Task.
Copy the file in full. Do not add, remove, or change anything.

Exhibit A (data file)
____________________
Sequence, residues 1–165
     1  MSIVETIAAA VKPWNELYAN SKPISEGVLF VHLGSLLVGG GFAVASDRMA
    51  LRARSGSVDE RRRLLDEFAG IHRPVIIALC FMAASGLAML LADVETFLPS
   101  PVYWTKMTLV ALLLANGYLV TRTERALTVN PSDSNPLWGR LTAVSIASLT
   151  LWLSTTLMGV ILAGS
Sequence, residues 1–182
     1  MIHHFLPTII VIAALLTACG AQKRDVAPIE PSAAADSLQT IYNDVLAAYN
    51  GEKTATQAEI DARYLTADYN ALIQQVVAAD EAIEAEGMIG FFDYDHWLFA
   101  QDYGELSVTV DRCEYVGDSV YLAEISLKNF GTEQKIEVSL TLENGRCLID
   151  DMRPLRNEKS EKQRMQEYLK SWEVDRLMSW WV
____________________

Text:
Sequence, residues 1–165
     1  MSIVETIAAA VKPWNELYAN SKPISEGVLF VHLGSLLVGG GFAVASDRMA
    51  LRARSGSVDE RRRLLDEFAG IHRPVIIALC FMAASGLAML LADVETFLPS
   101  PVYWTKMTLV ALLLANGYLV TRTERALTVN PSDSNPLWGR LTAVSIASLT
   151  LWLSTTLMGV ILAGS
Sequence, residues 1–182
     1  MIHHFLPTII VIAALLTACG AQKRDVAPIE PSAAADSLQT IYNDVLAAYN
    51  GEKTATQAEI DARYLTADYN ALIQQVVAAD EAIEAEGMIG FFDYDHWLFA
   101  QDYGELSVTV DRCEYVGDSV YLAEISLKNF GTEQKIEVSL TLENGRCLID
   151  DMRPLRNEKS EKQRMQEYLK SWEVDRLMSW WV